How To BIND AN ALLIGATOR'S JAWws
 Approach the alligator from behind.
 longspouted spinner up to 252
 dolphin
 2 Straddle the creature's back
 Wrap your knees firmly around the midsection of the
 alligator.
 up to 3,000 in five rows (the
 scariest mouth)
 great white shark
 3 Crawl your way up to the head.
 10,000 to 30,000 (toothlike
 structures called radulae)
 snail
 Cover the alligator's eyes with a cloth.
 Use a thick piece of fabric or your own clothing to drape
 over the eyes of the beast.
 GClamp the jaws.
 Press down with your thumbs on the top and hold your fin-
 gers tightly underneath. The muscles that alligators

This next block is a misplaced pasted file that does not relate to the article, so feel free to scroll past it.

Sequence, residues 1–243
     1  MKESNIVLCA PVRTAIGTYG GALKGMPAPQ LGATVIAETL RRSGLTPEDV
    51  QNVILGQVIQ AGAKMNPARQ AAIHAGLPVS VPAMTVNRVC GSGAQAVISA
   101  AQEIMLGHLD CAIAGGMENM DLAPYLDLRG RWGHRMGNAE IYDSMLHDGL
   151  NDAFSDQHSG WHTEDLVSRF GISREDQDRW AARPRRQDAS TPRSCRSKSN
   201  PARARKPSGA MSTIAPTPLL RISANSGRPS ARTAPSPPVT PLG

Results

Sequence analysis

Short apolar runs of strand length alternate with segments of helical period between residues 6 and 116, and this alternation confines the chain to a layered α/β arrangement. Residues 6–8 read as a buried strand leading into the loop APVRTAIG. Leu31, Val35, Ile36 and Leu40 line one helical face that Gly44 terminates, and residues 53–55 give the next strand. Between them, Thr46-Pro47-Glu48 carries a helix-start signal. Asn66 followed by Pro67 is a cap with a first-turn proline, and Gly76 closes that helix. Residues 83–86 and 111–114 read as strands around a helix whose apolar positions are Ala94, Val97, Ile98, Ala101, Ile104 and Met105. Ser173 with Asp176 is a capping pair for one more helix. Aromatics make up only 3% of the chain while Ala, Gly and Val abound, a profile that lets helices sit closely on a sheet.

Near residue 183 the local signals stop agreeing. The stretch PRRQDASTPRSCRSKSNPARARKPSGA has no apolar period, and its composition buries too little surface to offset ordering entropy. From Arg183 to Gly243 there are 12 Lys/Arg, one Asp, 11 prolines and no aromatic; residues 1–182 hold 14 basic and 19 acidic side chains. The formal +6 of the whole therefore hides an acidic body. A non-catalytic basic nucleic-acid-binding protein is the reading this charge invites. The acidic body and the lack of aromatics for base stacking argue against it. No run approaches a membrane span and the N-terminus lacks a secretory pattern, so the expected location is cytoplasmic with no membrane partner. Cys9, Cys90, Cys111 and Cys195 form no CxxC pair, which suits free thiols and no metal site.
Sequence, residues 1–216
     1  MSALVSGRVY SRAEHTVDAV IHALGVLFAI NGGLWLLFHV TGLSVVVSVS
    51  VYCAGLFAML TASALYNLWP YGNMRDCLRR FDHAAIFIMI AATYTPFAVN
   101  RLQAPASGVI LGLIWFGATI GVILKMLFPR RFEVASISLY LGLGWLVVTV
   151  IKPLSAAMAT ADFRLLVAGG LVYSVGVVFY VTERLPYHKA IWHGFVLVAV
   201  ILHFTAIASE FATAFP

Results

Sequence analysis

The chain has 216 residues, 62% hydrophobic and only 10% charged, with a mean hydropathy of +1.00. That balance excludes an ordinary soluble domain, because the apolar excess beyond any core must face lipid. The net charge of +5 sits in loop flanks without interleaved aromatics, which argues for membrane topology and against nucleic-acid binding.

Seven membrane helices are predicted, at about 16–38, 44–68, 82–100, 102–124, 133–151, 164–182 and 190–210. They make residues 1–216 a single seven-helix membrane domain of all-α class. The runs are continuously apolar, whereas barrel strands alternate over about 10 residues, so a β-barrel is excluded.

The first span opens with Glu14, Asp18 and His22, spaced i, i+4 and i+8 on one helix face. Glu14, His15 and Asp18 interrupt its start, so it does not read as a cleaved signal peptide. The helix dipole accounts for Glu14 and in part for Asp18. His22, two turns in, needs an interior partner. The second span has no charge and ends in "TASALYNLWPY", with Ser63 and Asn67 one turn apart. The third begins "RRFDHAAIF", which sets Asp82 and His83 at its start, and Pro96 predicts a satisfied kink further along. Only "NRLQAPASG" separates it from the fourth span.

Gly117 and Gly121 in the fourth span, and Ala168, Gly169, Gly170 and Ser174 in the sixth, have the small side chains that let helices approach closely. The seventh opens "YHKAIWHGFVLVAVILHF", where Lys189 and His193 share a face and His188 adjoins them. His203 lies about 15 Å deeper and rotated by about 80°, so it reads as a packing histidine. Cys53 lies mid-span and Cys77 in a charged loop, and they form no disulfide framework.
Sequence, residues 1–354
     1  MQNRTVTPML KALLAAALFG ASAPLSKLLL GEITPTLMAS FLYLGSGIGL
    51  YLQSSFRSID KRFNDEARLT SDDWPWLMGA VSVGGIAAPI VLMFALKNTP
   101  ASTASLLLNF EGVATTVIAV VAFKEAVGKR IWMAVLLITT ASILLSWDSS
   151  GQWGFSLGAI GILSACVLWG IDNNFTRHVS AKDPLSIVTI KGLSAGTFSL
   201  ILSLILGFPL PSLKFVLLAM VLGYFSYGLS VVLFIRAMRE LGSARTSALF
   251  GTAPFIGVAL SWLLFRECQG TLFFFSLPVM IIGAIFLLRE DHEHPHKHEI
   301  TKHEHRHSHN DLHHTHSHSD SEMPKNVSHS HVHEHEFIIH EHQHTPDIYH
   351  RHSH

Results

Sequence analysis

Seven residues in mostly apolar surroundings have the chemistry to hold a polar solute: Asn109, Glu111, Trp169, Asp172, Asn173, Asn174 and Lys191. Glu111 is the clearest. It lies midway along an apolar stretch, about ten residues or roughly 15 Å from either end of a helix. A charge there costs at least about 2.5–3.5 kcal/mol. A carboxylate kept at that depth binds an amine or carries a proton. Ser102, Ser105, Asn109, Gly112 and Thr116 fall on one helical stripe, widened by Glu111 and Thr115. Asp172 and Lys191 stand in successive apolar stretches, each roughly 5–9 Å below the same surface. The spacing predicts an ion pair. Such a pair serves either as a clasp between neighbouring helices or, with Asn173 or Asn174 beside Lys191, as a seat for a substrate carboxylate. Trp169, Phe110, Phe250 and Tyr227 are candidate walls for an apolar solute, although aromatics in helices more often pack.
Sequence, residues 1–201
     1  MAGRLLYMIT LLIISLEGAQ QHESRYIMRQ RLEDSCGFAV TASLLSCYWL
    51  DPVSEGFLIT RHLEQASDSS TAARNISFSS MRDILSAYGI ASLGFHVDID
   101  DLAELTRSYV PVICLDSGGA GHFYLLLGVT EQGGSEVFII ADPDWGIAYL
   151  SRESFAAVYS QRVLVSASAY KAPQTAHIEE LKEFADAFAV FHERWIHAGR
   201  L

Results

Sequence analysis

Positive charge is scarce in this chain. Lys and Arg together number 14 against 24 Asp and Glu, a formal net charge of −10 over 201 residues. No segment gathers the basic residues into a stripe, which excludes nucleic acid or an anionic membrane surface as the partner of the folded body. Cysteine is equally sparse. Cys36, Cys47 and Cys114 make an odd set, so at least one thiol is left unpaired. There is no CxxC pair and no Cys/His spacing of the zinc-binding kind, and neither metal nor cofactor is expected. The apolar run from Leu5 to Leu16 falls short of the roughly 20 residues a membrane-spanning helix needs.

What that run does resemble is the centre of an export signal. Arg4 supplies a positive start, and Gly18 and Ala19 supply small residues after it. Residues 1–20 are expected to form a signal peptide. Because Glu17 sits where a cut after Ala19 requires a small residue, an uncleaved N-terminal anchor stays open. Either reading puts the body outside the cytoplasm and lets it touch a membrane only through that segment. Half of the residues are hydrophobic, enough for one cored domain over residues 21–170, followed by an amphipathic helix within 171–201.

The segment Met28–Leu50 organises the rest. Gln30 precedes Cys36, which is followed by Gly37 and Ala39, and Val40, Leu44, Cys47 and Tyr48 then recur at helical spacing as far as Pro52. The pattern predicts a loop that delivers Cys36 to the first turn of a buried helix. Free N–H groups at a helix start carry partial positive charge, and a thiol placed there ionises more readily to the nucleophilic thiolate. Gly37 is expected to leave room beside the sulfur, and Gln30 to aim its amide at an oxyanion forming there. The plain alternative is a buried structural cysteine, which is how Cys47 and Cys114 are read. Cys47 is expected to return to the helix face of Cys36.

5 Push the alligator's snout down to close its mouth.
 Lean forward and press firmly down on the snout until the
 mouth is tightly closed
 use to
 open their jaws are actually quite weak, so it is possible to
 hold the mouth shut with bare hands.
 Z Take out your binding material.
 Maintaining your grip on the gator's snout with one hand,
 grab your duct tape and tug free a two-foot strip with your
 teeth
 Wrap the tape
 six times around
 the snout
 Wind the tape six times around the alligator's s
 nout.
 WARNING!
 Lacking duct tape, you should bind the jaws of an aligator with
 rope, belt hick cloth (heavy shirt or pants), or any other material
 that can be fied and knotted.
 Never approach an alligatar head-on when its mouth is open.
 Copyrighted Material
 seat igte 21
novelty-gift-ideas:

Ultimate Worst-Case Scenario Survival Handbook

novelty-gift-ideas: Ultimate Worst-Case Scenario Survival Handbook